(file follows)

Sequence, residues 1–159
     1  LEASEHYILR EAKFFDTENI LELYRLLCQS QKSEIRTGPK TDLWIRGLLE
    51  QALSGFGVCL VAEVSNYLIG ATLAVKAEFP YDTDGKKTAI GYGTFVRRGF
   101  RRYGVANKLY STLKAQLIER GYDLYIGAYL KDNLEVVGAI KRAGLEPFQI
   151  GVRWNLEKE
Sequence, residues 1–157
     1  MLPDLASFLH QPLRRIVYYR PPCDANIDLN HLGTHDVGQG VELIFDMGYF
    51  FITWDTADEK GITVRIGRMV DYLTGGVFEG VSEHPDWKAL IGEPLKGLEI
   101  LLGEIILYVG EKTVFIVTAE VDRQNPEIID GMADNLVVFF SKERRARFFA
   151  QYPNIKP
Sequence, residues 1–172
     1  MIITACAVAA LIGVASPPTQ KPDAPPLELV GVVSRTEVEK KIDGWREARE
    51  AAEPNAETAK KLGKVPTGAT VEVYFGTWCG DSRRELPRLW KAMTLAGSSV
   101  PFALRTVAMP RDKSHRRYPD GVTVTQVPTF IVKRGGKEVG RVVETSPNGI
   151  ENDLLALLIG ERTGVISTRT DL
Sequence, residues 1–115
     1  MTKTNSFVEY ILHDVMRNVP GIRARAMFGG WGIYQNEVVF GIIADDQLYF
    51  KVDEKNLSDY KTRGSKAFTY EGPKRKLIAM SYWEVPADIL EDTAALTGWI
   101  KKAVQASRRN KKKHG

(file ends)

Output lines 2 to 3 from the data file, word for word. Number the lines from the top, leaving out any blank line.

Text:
     1  LEASEHYILR EAKFFDTENI LELYRLLCQS QKSEIRTGPK TDLWIRGLLE
    51  QALSGFGVCL VAEVSNYLIG ATLAVKAEFP YDTDGKKTAI GYGTFVRRGF